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By Micheal Kirchoff    Catalyst Interviews    August 31, 2018


               LOS ANGELES, CA -   I was prepared to sit down and write all about J. Fredric May, tell you his story here and now, and reflect on his ability to make you understand how it is that he sees the world. After some thought, I realize that I really shouldn’t do this at all - it would never do him justice. This is especially true once you know or hear the story behind his process. There is so much behind Jeff’s work that one would have no way of knowing it if you weren’t asking him directly or reading about it in a venue such as this. He currently concentrates on one body of work, presented here in part. The images are disjointed and fractured - they are portraits from a mind’s eye that see a world different from you or I. That’s all I need to tell you, really. Trust me, you’ll soon understand what I’m talking about.


So yea, I’m just going to sit here and read his words again, contemplate his photographs a little more, and absorb what he is showing. This is time well spent, and I can honestly say that this is exactly what it is when photographers say they are presenting you their vision. Jeff has quickly become one of my photographic heroes, and I have no qualms saying that I admire him, his struggle, his perseverance, his openness, and his ability to be a kickass individual. Read on.

Bio - 


A graduate of Brooks Institute, J. Fredric May received his B.S. in Commercial/Color Technology and was accepted into the prestigious Eddie Adams Workshop in 1989. 


He made his living as a photojournalist and commercial photographer traveling all over the world, telling visual stories with a signature style of bold color and confrontational composition. He won numerous state and regional honors. 
As a filmmaker, May directed more than 50 corporate and industrial films and helped raise more than 7 million dollars for non-profit organizations. He won Telly and Cine Awards for his creative film work and national awards for his corporate and nonprofit clients.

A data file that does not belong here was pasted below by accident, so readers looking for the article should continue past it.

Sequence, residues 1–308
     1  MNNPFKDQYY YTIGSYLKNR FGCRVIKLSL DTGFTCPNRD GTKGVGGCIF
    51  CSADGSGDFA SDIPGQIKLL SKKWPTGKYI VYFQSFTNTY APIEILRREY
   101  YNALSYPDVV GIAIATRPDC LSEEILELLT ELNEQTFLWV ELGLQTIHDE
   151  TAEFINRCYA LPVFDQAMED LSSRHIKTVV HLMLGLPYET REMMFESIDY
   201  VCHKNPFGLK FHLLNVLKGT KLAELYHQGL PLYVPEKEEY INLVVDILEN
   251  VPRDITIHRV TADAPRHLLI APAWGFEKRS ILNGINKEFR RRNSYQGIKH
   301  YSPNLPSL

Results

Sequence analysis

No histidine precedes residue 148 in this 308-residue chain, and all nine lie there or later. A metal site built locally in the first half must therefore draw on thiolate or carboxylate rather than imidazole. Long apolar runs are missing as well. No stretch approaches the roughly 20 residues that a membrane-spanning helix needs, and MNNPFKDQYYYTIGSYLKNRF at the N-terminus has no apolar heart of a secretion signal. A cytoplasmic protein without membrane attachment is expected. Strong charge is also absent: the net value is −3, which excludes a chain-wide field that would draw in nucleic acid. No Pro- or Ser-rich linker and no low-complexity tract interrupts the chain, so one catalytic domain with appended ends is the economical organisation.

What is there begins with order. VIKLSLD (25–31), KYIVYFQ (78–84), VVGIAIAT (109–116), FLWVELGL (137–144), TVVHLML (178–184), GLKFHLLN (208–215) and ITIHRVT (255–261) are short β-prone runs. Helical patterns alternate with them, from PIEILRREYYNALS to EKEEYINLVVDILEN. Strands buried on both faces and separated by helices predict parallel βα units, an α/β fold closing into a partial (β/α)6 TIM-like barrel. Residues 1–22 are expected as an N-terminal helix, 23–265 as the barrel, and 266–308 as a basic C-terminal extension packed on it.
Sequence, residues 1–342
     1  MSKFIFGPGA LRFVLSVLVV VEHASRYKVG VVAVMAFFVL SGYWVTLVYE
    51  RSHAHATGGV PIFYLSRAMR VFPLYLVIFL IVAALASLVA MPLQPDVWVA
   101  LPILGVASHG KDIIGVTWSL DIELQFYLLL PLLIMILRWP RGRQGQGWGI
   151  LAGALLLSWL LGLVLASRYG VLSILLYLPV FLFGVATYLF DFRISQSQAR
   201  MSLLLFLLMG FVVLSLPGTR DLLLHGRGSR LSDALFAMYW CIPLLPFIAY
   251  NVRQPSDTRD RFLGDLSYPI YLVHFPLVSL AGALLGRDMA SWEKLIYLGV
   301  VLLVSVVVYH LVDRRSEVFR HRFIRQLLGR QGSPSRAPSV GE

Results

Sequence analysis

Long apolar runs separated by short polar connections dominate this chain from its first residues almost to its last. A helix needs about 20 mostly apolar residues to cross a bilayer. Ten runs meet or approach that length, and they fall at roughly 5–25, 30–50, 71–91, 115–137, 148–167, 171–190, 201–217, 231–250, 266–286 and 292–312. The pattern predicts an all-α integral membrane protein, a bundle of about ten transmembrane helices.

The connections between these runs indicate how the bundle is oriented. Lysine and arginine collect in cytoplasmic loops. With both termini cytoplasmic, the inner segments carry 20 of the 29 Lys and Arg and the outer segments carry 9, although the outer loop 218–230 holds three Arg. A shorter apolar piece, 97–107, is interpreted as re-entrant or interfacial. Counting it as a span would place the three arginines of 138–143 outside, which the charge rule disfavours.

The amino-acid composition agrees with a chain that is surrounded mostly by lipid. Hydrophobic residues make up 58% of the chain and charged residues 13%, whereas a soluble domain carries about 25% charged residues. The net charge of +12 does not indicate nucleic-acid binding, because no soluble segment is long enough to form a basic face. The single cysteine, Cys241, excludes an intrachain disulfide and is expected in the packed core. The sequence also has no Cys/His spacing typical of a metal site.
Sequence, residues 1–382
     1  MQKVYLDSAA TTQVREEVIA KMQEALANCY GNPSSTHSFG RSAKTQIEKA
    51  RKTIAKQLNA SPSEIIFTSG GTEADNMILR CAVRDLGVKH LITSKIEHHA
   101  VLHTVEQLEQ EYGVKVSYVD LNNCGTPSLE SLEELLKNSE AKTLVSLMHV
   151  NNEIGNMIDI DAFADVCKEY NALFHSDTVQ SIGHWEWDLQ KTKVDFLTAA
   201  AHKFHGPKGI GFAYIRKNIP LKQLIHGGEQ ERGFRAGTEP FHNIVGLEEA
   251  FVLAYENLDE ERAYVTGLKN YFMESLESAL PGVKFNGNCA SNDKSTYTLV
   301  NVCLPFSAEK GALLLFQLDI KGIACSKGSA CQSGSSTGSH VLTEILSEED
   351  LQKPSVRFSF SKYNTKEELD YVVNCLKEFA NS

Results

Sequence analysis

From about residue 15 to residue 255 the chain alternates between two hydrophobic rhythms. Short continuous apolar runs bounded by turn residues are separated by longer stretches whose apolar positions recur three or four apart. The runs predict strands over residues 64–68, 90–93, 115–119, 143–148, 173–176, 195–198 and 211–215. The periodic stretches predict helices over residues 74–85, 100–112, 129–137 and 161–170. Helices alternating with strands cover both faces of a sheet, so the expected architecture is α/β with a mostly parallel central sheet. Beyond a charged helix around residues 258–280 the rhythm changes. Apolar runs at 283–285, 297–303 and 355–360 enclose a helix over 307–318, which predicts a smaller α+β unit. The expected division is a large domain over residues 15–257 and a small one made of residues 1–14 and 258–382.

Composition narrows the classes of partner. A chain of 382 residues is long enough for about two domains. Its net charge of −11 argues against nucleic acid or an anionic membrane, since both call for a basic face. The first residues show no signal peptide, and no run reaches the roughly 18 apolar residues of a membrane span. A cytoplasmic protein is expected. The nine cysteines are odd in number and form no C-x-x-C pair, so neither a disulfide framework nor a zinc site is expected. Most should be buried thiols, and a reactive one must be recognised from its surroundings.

During open heart surgery to repair an aneurysm in 2012, May suffered a major stroke leaving him legally blind and subject to vivid visual hallucinations. This life event changed his artistic vision, opening up an entirely new visual style. From that style came May’s current project, Apparition: Postcards From Eye See You.


In 2017, May was awarded a “Top 50” and “Solo Show Award Winner” at Photolucida’s Critical Mass, LensCulture’s “Emerging Talent Top 50” and “Juror Award” and the 2018 Grand Prize Winner at FOCUS photo la. Because of that honor, May was chosen as a Special Presenter at “Open Show LA #45”. His work was a part of a two-person show at the USC Keck School of Medicine called, Compromised Perception, where he delivered an artist talk with the Chair of Neurology. His busy schedule also included solo shows at Blue Sky Gallery in Portland, Oregon and The Center for Digital Arts in Santa Ana, CA. In July, the Harn Museum of Art at the University of Florida hosted him for a solo show and guest speaker on their medical panel.


Michael Kirchoff: Hello Jeff, and thank you for taking this time for an interview. Before we dive in deeper, I wanted to get some background on how and why you became a photographer. Why photography?


J. Fredric May: Hello Michael, and congratulations on Catalyst: Interviews. The question is why photography? Well, I am fairly certain my first exposure to photography was a Polaroid flashbulb in the summer of 1959.{pun} My grandfather was an early adopter of Polaroid cameras and film. It was also the beginning of the 1960s, where family events literally were Kodak Moments recorded on Kodak film, viewed as Kodak prints or Kodachrome slides and movies in the dark on a screen you had to set up. My father used an Argus C-3 with Kodachrome 64 and a hand held GE light meter well into the 1970s! I still have them. I purchased my first camera with money from picking tobacco during the summer of 1975, a Minolta SRT-101. I worked as a photographer on the yearbook staff with my now life long friend Robert Hodges. We were complete photo geeks and had a great time. I also started stringing sports assignments for our daily newspaper, The Kinston Daily Free Press. There I met photojournalist Charles Buchanan, who probably mentored me more than any single person in my career. Charles instilled in me the importance of standards and consistency in shooting film - and oh - to never use a stop bath with film. He was the first shooter I ever heard use the phrase “F8 and be there.” Wow, was I hooked! Sadly Charles passed away several years ago, but I always smile when I think about those days.